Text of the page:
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So I'm following Szabo's book "An Introduction to String Theory and D-brane Dynamics (2nd ed, 2011); still on the canonical treatment in chapter 3. After doing a mode expansion, we get (up to a constant) a set of nice ladder operators \begin{equation}[\alpha_m^\mu, \alpha_n^\nu] = m\delta_{m+n}\eta^{\mu\nu}\end{equation} where $\delta_{m+n}$ is unity if $m=-n$, zero otherwise; $\eta$ is the Minkowski metric in D dimensions, $m$ and $n$ are integer labels and the $\alpha$s are Fourier coefficients. I'm omitting the LM/RM sets and concentrating on the open string.

We use these to define these composite operators: \begin{equation} L_n = \frac{1}{2}\sum\limits_{m=-\infty}^\infty{\alpha_{n-m}\cdot\alpha_m}\end{equation} which we want to use for generate conformal transformations. Cool.

So we need some Witt-like algebra, and because we're quantising we're expecting some weirdness, and it turns out you get the Virasoro algebra. But I just can't get the central term. For a start, it doesn't look right: each pair of $\alpha$s can give me a factor of m, so having \begin{equation}[L_m,L_n]\end{equation}, we have four $\alpha$s and hence we'd expect to be able to extract some central term of order $n^2$. But the Virasoro central term is $n(n^2-1)$ - so where does the extra n come from? There are no conveniently-placed sums that might give rise to this. Every time I attempt to plug through the algebra I end up with something silly, for example $\sum\limits_{p=-\infty}^\infty p$. So no central term at all!

So the root of my question is: where does the extra n come from? If I can understand that, hopefully I'll be able to do the rest of the derivation myself (don't take away my fun:)).

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2 Answers 2

The derivation of the Virasoro algebra is obviously a very important calculation in ST/CFT. For starters, OP (v1) does not mention explicitly the normal ordering ": :" in the definition of the Virasoro generators

$$ L_n ~=~ \frac{1}{2}\sum_{k\in\mathbb{Z}} :\alpha^I_{n-k}\alpha^I_k: $$

Normal ordering is important for $L_0$. Here the index $I$ runs over transversal dimensions. We recommend to divide the calculation into two cases: $n+m\neq 0$ and $n+m=0$. We will not further spoil the fun for OP, but just mention that a pedagogic derivation can e.g. be found in Ref. 1.


  1. B. Zwiebach, A first course in ST, 2nd edition, 2009, p. 256. (Note that the presentation in 2nd edition is improved as compared to 1st edition.)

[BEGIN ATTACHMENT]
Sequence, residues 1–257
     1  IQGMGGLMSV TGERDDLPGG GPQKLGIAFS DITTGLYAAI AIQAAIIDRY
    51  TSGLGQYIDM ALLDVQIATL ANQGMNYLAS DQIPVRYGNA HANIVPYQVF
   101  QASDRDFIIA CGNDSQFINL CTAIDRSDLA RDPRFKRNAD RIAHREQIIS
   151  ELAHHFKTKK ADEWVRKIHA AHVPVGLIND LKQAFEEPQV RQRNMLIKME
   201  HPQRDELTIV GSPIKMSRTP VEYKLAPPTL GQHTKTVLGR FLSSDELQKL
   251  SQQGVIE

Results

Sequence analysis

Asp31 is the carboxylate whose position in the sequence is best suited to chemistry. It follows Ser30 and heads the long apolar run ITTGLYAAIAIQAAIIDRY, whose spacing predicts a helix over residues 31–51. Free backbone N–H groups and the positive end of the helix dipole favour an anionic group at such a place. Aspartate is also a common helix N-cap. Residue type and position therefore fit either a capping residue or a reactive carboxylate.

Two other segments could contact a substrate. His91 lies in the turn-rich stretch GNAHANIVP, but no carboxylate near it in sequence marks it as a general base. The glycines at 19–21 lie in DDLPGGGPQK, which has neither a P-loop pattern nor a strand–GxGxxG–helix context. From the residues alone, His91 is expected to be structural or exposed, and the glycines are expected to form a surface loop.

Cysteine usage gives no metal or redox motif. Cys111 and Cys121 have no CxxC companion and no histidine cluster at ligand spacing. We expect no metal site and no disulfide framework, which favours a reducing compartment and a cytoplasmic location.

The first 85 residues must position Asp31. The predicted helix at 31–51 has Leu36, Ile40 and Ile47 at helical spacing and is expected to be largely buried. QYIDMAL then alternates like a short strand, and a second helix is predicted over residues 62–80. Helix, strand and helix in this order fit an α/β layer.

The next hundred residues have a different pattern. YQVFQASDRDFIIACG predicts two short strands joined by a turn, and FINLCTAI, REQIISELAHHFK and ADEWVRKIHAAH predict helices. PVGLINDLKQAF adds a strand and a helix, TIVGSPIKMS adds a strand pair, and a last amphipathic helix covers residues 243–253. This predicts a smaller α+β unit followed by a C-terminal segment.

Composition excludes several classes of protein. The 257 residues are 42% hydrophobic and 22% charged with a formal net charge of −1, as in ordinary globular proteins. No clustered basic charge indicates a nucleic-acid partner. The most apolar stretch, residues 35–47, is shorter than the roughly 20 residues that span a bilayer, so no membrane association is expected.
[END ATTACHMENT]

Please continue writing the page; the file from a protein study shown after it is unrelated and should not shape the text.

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The solution to this problem, which Szabo gives in the appendix, is somewhat misleading since it invokes the regularization of the $\zeta$ function, whereas the central term arises from ordinary sums as follows.

For a start, we can re-write the Virasoro operators by making the normal ordering explicit: $$ L_n=\frac{1}{2}:\!\left( \sum_{k\in\mathbb N}\alpha_{n-k} \cdot \alpha_k \right)\! := \frac{1}{2}\sum_{k\ge n/2}\alpha_{n-k} \cdot \alpha_k +\frac{1}{2}\sum_{k< n/2}\alpha_{k} \cdot \alpha_{n-k} $$ $$ L_0=\frac{1}{2}\alpha_0^2+\sum_{k\ge 1}\alpha_{-k}\cdot \alpha_k. $$ Using the commutation relations $$ [\alpha^\nu_n,\alpha^\rho_m]=n\delta_{n+m}\eta^{\nu\rho} $$ one immediately obtains $$ [L_n,\alpha_m^\mu]=-m \alpha_{m+n}^\mu; $$ using this relation, we have $$ [L_n,L_m]=\frac{1}{2}\left[ L_n, \sum_{l\ge m/2}\alpha_{m-l} \cdot \alpha_l +\sum_{l< n/2}\alpha_{l} \cdot \alpha_{m-l} \right]=\\ = \frac{1}{2}\left[ \sum_{l\ge m/2}(-m+l)\alpha_{n+m-l}\cdot \alpha_l+ \sum_{l\ge m/2}(-l)\alpha_{m-l}\cdot \alpha_{n+l}+\\ \sum_{l<m/2}(-l)\alpha_{n+l}\cdot \alpha_{m-l}+ \sum_{l<m/2}(-m+l)\alpha_l\cdot \alpha_{n+m-l} \right]. $$ Now, in this expression if $m+n\not=0$ each pair of $\alpha$ operators commutes and therefore the r.h.s. can be rearranged by letting $l=l'-n$ in the second and third term $$ (n-m)\frac{1}{2}\sum_{l\in \mathbb Z} \alpha_{n+m-l}\cdot \alpha_l = (n-m)L_{n+m}. $$ Consider now the case $m=-n$ and let $n>0$ $$ [L_n,L_{-n}]=\\= \frac{1}{2}\left[ \sum_{l\ge -n/2}(n+l)\alpha_{-l}\cdot \alpha_l+ \sum_{l\ge -n/2}(-l)\alpha_{-n-l}\cdot \alpha_{n+l}+\\ \sum_{l<-n/2}(-l)\alpha_{n+l}\cdot \alpha_{-n-l}+ \sum_{l<-n/2}(n+l)\alpha_l\cdot \alpha_{-l} \right] $$ changing the sign of summation in the last two sums $$ \frac{1}{2}\left[ \sum_{l\ge -n/2}(n+l)\alpha_{-l}\cdot \alpha_l+ \sum_{l\ge -n/2}(-l)\alpha_{-n-l}\cdot \alpha_{n+l}+\\ \sum_{l>n/2}(l)\alpha_{n-l}\cdot \alpha_{-n+l}+ \sum_{l>n/2}(n-l)\alpha_{-l}\cdot \alpha_{l} \right] $$ shifting the two middle sums and adding similar terms $$ \frac{1}{2}\left[ (2n) \sum_{l>n/2}\alpha_{-l}\cdot \alpha_l + \sum_{-n/2\le l \le n/2}(n+l)\alpha_{-l}\cdot \alpha_l+ (2n)\sum_{l\ge n/2} \alpha_{-l}\cdot \alpha_l + \sum_{-n/2<l<n/2}(n+l)\alpha_{-l}\cdot \alpha_l \right]. $$ Among these sums, the only terms we need to commute to achieve normal ordering are the lower halves of the second and fourth sums: $$ \sum_{-n/2\le l \le-1}(n+l)\alpha_{-l}\cdot \alpha_l+ \sum_{-n/2<l\le -1}(n+l)\alpha_{-l}\cdot \alpha_l=\\= \sum_{1\le l\le n/2}(n-l)\alpha_{l}\cdot \alpha_{-l}+ \sum_{1\le l < n/2}(n-l)\alpha_{l}\cdot \alpha_{-l}=\\= \sum_{1\le l\le n/2}(n-l)\alpha_{-l}\cdot \alpha_{l}+D\sum_{1\le l \le n/2}l(n-l)+ \sum_{1\le l < n/2}(n-l)\alpha_{-l}\cdot \alpha_{l}+D\sum_{1\le l<n/2}l(n-l) $$ where $D=d+1$ is the number of space-time dimensions ($d$ space dimension); now every operator term is normal ordered and putting everything together we have $$ (2n)\left[\sum_{l\ge 0}\alpha_{-l}\cdot \alpha_l+\frac{1}{2}\alpha_0^2\right]+ D\sum_{1\le l \le n/2}l(n-l)+ D\sum_{1\le l < n/2}l(n-l) $$ the c-number can be computed using $$ \sum_{i=1}^n i = \frac{n(n+1)}{2}\qquad \sum_{i=1}^ni^2 =\frac{n(n+1)(2n+1)}{6};$$ indeed, taking for example $n$ to be even, we have $$ D\left[ n\frac{n(n+2)}{8}-n\frac{(n+2)(n+1)}{24} + n\frac{n(n-2)}{8}-n\frac{(n-2)(n-1)}{24} \right]=D\frac{n}{12}(n^2-1). $$ To sum up $$ [L_n, L_{-n}]=(2n)L_0 + D\frac{n}{12}(n^2-1), $$ hence $$ [L_n,L_m]=(n-m)L_{n+m}+\delta_{n+m}D\frac{n}{12}(n^2-1). $$